By Jonny Lupsha, Wondrium Staff Writer
A new Russian weapon, the Avangard, travels 27 times the speed of sound, AP News reported recently. Fired from a ballistic missile, it also has groundbreaking maneuverability, making it harder to track. Breaking the sound barrier back in 1947 was a feat of technology and aviation.
According to the AP article, Russian President Vladimir Putin “described the Avangard hypersonic glide vehicle as a technological breakthrough comparable to the 1957 Soviet launch of the first satellite.” With regard to its functionality, “The Avangard is launched atop an intercontinental ballistic missile, but unlike a regular missile warhead that follows a predictable path after separation, it can make sharp maneuvers in the atmosphere en route to target, making it much harder to intercept.” This latest step in weapons technology can be traced back to breaking the sound barrier.
Problems of the Sound Barrier
Before the National Advisory Committee for Aeronautics—or NACA, the predecessor to NASA—could break the sound barrier, they first had to run into it.
“Before, during, and after World War II, there was a widespread perception that aeronautics faced a so-called sound barrier at speeds around 767 miles per hour, also known as Mach 1,” said Dr. James W. Gregory, Professor of Mechanical and Aerospace Engineering at The Ohio State University. “It was as if there [were] some kind of inherent physical limit, a literal sound barrier, that prevented flight near or at the speed of sound.”
Dr. Gregory said that the sound barrier presented three major obstacles for piloted aircraft. Around Mach 0.8, lift began to decrease. At the same time, drag began to increase considerably. Third, pilots faced a major reduction in flight controls.
So how would aviators even learn to break through it?
Solutions to the Sound Barrier
“The breakthrough came when NACA built special transonic wind tunnels so study the phenomena happening at transonic speeds—and what they found was startling,” Dr. Gregory said. “When the airspeed increased above a certain threshold, shock waves began to form on the wing, and as the velocity of the wind continued to increase, the strength of the shock increased, and its location on the wing changed.”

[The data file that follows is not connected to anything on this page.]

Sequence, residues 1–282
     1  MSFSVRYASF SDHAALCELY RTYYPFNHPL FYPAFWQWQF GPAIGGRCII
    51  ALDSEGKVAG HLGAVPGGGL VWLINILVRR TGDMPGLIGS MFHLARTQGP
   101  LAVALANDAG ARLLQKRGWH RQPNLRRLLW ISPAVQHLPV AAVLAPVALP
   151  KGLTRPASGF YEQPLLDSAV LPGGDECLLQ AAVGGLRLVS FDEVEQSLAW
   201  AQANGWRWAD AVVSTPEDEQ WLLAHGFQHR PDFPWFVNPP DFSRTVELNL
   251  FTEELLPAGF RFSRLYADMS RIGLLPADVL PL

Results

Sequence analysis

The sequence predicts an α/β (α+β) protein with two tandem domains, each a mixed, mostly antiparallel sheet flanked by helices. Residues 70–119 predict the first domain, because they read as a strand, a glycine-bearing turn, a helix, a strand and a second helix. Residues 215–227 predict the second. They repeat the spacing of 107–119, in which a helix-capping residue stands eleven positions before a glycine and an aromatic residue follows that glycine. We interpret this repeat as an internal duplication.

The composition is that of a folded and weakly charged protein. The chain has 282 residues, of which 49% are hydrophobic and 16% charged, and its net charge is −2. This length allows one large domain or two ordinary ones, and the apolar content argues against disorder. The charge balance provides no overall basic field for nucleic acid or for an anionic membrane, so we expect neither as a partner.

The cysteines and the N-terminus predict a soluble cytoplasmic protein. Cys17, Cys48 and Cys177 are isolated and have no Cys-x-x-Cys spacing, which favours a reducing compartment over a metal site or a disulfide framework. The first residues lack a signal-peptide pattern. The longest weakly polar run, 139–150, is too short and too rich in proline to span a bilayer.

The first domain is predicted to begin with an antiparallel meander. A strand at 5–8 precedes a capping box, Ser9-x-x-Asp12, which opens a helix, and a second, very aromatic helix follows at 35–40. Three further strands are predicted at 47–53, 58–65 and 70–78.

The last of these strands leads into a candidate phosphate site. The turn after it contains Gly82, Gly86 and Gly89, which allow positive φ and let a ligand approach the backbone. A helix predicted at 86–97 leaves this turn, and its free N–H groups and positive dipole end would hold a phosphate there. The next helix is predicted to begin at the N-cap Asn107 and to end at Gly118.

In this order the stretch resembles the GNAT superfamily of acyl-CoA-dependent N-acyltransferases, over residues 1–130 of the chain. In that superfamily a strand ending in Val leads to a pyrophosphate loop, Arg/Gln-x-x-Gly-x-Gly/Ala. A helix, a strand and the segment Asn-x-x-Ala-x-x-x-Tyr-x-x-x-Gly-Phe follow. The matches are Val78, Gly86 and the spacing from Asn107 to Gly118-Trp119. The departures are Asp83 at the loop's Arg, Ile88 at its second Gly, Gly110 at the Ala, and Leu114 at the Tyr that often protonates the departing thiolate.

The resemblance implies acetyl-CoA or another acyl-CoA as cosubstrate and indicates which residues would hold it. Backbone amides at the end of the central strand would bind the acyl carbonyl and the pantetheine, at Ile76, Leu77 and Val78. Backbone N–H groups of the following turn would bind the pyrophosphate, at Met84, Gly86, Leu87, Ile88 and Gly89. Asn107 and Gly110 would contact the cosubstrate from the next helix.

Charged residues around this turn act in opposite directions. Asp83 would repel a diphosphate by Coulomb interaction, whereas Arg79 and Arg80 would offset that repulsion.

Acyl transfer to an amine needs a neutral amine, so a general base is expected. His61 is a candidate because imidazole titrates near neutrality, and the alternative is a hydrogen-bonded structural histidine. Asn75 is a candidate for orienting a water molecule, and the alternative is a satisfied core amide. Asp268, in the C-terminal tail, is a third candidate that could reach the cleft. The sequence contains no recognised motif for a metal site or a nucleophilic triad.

One of the biggest ideas for reducing the drag on an airplane involved “swept wings,” which are angled somewhat backwards or forwards from the body of the plane instead of sticking out horizontally.
“This idea was first presented by Adolf Busemann at the 1935 invitation-only Volta Conference,” Dr. Gregory said. “He proposed an idea stating that compressibility effects on a wing were due to the Mach number of the flow perpendicular to the leading edge. So, if the wing were swept back, the component of flow velocity parallel to the leading edge would not have an impact, leaving only the component perpendicular to the leading edge to affect the wave drag.”
In other words, when planes reached high speeds with perpendicular wings, air rushed into them with such force along their wingspans that it slowed them down. If the wings angled back along their wingspan, those same air molecules would have an easier time moving along the wings rather than only being forced over or under them.
With the use of transonic wind tunnels for observation, the discovery of the sound barrier, and the implementation of swept wings, it wasn’t long before Chuck Yeager broke Mach 1 in the Bell X-1 aircraft over the Mojave Desert in October 1947—and others followed suit. Nowadays, every major commercial airliner uses jet engines and swept wings to transport its passengers.
Dr. James W. Gregory contributed to this article. Dr. Gregory is Professor of Mechanical and Aerospace Engineering at The Ohio State University. He received a bachelor of science degree in Aerospace Engineering from Georgia Tech and a doctorate in Aeronautics and Astronautics from Purdue University.